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16. Laser Maze
Hook red string or yarn through a mesh crate to create a laser-type maze that kids will love to navigate through! Place pom-poms or other small items, such as candy, at the bottom of the bin and give them clothespins to reach the objects without “tripping” the laser!
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17. Number Line
Start by using a wide popsicle stick, colored and labeled with numbers from 0 to 9. Next, give kids clothespins that they can use to answer math questions by holding them up for confirmation. As an extended activity, you can challenge young learners to fill in the missing numbers with a sharpie.
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18. Greater Than or Less Than Alligators
Chomping numbers is always been fun, so why not pair this classic activity with greater than and less than signs? Color your clothespins green, add some eyes, and start gobbling up those numbers! Begin by writing out two numbers before inviting kids to identify the larger or smaller ones. Later, they can add the proper mathematical symbols to reinforce their understanding.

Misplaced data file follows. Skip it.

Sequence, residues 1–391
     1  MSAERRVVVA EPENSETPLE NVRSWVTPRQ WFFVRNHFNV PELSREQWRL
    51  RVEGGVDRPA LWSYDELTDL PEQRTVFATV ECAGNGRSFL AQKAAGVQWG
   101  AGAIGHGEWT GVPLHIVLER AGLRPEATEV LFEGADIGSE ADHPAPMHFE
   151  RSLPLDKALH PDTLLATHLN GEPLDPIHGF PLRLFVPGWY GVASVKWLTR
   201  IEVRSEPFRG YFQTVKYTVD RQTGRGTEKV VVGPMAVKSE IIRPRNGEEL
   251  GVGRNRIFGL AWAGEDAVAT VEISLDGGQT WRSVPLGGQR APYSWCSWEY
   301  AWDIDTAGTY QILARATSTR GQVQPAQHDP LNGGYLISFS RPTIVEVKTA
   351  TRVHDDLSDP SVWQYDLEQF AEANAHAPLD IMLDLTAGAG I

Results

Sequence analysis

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19. Clothespin Puppets
An open and closing clothespin looks a lot like a talking mouth so why not create chomping clothespin puppets by using different styles and shapes? This craft can easily accompany a study of animal or storybook characters, allowing students to use their puppets to act out different roles.
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20. Engineering for Kids
Kids are natural builders, and clothespins are an easy way to practice balance, symmetry, and construction basics. The alligator clips help build kids’ fine motor skills while giving them STEM practice and encouraging higher-level thinking skills. Be sure to try a “how high?” or “how long?” feat for an added challenge.